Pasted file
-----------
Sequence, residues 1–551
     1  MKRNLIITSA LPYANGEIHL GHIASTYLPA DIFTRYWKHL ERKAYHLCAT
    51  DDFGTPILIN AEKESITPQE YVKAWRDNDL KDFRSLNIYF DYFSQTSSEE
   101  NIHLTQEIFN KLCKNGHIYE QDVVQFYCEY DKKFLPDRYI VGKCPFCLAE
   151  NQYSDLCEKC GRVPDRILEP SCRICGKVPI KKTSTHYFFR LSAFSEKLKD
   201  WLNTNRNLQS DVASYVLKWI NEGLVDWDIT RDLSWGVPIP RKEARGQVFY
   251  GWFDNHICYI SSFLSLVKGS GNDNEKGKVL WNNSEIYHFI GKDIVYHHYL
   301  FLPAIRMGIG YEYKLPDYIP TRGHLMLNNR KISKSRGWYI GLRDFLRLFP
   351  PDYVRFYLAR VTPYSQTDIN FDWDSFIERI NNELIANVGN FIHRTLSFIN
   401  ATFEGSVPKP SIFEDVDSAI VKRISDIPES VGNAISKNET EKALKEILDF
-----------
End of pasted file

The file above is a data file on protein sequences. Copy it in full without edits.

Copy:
Sequence, residues 1–551
     1  MKRNLIITSA LPYANGEIHL GHIASTYLPA DIFTRYWKHL ERKAYHLCAT
    51  DDFGTPILIN AEKESITPQE YVKAWRDNDL KDFRSLNIYF DYFSQTSSEE
   101  NIHLTQEIFN KLCKNGHIYE QDVVQFYCEY DKKFLPDRYI VGKCPFCLAE
   151  NQYSDLCEKC GRVPDRILEP SCRICGKVPI KKTSTHYFFR LSAFSEKLKD
   201  WLNTNRNLQS DVASYVLKWI NEGLVDWDIT RDLSWGVPIP RKEARGQVFY
   251  GWFDNHICYI SSFLSLVKGS GNDNEKGKVL WNNSEIYHFI GKDIVYHHYL
   301  FLPAIRMGIG YEYKLPDYIP TRGHLMLNNR KISKSRGWYI GLRDFLRLFP
   351  PDYVRFYLAR VTPYSQTDIN FDWDSFIERI NNELIANVGN FIHRTLSFIN
   401  ATFEGSVPKP SIFEDVDSAI VKRISDIPES VGNAISKNET EKALKEILDF